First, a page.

Antimicrobial peptides (AMPs) have been proposed as candidates to develop new antimicrobial compounds for medicine, agriculture, and food preservation. PAF26 is a synthetic antifungal hexapeptide obtained from combinatorial approaches with potent fungicidal activity against filamentous fungi. Other interesting AMPs are the antifungal proteins (AFPs) of fungal origin, which are basic cysteine-rich and small proteins that can be biotechnologically produced in high amounts. A promising AFP is the AfpB identified in the phytopathogen Penicillium digitatum. In this work, we aimed to rationally design, biotechnologically produce and test AfpB::PAF26 chimeric proteins to obtain designed AFPs (dAfpBs) with improved properties. The dAfpB6 and dAfpB9 chimeras could be produced using P. digitatum as biofactory and a previously described Penicillium chrysogenum-based expression cassette, but only dAfpB9 could be purified and characterized. Protein dAfpB9 showed subtle and fungus-dependent differences of fungistatic activity against filamentous fungi compared to native AfpB. Significantly, dAfpB9 lost the fungicidal activity of PAF26 and AfpB, thus disconnecting this activity from the fungistatic activity and mapping fungicidal determinants to the exposed loop L3 of AfpB, wherein modifications are located. This study provides information on the design and development of novel chimeric AFPs. Full article
(This article belongs to the Special Issue Antimicrobial Proteins in Filamentous Fungi)
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Open AccessArticle New 19-Residue Peptaibols from Trichoderma Clade Viride
Microorganisms 2018, 6(3), 85; https://doi.org/10.3390/microorganisms6030085
Received: 2 July 2018 / Revised: 7 August 2018 / Accepted: 10 August 2018 / Published: 12 August 2018
Cited by 1 | PDF Full-text (2240 KB) | HTML Full-text | XML Full-text | Supplementary Files
Abstract
Trichoderma koningiopsis and T. gamsii belong to clade Viride of Trichoderma, the largest and most diverse group of this genus. They produce a wide range of bioactive secondary metabolites, including peptaibols with antibacterial, antifungal, and antiviral properties. The unusual amino acid residues [...] Read more.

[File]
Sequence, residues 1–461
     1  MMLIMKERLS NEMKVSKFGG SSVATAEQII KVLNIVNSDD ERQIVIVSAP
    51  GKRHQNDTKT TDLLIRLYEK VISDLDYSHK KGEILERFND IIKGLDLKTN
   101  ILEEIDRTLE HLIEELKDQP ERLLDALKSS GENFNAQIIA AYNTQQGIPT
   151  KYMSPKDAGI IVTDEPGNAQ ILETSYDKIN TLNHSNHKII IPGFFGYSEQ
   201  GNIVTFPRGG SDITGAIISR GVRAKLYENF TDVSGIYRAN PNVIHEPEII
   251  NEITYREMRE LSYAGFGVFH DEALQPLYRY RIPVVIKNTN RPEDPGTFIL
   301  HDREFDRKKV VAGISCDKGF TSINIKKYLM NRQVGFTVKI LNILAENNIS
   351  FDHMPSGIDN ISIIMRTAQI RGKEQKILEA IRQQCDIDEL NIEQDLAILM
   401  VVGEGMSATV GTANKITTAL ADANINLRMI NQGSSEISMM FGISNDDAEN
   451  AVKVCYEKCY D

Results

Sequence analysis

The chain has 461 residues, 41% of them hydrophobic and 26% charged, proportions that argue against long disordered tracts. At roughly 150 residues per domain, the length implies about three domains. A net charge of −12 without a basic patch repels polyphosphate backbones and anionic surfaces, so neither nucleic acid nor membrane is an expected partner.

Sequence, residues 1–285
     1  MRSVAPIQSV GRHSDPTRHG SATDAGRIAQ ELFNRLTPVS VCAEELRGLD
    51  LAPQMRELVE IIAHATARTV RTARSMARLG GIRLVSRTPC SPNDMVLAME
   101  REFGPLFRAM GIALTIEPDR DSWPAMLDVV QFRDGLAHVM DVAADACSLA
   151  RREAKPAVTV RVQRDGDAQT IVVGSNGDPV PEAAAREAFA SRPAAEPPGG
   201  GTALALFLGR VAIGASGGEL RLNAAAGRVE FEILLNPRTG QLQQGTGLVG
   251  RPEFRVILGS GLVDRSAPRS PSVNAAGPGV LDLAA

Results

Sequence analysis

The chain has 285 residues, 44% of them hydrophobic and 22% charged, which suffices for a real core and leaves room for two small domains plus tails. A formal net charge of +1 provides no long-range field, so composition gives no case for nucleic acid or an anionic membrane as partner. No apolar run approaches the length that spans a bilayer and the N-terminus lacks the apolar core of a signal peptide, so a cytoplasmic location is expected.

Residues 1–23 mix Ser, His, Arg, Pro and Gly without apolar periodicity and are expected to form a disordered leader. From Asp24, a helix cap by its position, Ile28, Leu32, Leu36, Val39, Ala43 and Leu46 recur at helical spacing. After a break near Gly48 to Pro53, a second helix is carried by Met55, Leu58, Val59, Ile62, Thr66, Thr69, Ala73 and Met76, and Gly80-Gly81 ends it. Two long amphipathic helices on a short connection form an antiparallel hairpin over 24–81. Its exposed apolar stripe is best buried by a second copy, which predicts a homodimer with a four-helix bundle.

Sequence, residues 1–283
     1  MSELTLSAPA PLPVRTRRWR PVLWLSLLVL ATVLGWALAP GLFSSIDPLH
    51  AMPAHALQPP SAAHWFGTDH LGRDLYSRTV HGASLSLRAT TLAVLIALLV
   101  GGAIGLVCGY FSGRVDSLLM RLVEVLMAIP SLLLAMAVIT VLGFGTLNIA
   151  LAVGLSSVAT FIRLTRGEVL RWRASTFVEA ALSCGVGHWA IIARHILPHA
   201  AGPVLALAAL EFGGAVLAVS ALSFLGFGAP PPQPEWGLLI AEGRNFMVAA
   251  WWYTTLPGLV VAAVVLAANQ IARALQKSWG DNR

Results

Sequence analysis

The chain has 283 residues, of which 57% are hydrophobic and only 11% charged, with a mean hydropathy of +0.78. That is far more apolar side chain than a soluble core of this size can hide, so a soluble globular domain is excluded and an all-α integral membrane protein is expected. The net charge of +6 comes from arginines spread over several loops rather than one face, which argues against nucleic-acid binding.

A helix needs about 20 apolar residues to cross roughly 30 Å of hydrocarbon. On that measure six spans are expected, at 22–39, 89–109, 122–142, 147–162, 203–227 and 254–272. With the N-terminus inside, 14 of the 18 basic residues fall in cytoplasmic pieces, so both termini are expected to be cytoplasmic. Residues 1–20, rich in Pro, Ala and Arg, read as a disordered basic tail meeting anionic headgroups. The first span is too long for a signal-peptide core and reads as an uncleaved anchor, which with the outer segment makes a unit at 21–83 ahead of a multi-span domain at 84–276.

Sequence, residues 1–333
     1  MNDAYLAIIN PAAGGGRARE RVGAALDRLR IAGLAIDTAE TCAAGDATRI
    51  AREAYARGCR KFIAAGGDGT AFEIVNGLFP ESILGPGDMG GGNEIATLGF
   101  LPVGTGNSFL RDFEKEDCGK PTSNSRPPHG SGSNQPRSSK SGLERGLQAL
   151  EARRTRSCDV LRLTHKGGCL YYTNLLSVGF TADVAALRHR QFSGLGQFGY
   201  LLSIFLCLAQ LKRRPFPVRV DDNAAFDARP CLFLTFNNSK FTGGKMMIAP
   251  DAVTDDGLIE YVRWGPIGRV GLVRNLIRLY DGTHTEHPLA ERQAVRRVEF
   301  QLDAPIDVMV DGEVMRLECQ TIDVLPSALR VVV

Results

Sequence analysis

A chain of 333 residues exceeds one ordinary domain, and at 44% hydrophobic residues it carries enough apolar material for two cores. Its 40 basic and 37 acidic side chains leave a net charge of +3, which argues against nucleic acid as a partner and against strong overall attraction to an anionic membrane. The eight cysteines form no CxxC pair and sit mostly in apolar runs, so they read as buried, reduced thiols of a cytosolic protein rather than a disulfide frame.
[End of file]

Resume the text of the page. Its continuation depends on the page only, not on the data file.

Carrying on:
Trichoderma koningiopsis and T. gamsii belong to clade Viride of Trichoderma, the largest and most diverse group of this genus. They produce a wide range of bioactive secondary metabolites, including peptaibols with antibacterial, antifungal, and antiviral properties. The unusual amino acid residues of peptaibols, i.e., α-aminoisobutyric acid (Aib), isovaline (Iva), and the C-terminal 1,2-amino alcohol make them unique among peptides. In this study, the peptaibiomes of T. koningiopsis and T. gamsii were investigated by HPLC-ESI-MS. The examined strains appeared to produce 19-residue peptaibols, most of which are unknown from literature, but their amino acid sequences are similar to those of trikoningins, tricholongins, trichostrigocins, trichorzianins, and trichorzins. A new group of peptaibols detected in T. koningiopsis are described here under the name “Koningiopsin”. Trikoningin KA V, the closest peptaibol compound to the peptaibols produced by these two strains, was selected for structural investigation by short MD simulation, which revealed that many residues show high preference for left handed helix formation. The bioactivity of the peptaibol mixtures produced by T. koningiopsis and T. gamsii was tested on agar plates against bacteria, yeasts, and filamentous fungi. The results revealed characteristic differences in bioactivities towards the different groups of target microorganisms, which can be explained with the differences in their cell wall structures. Full article
(This article belongs to the Special Issue Antimicrobial Proteins in Filamentous Fungi)
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Open AccessArticle Inhibitory Effect of PgAFP and Protective Cultures on Aspergillus parasiticus Growth and Aflatoxins Production on Dry-Fermented Sausage and Cheese
Microorganisms 2018, 6(3), 69; https://doi.org/10.3390/microorganisms6030069
Received: 31 May 2018 / Revised: 29 June 2018 / Accepted: 11 July 2018 / Published: 13 July 2018
Cited by 2 | PDF Full-text (1417 KB) | HTML Full-text | XML Full-text
Abstract
Aflatoxigenic molds can grow and produce aflatoxins on dry-fermented meat and cheese. The small, basic, cysteine-rich antifungal protein PgAFP displays a time-limited inhibitory ability against unwanted molds by increasing reactive oxygen species (ROS), which can lead to increased aflatoxin production. However, calcium abolishes [...] Read more.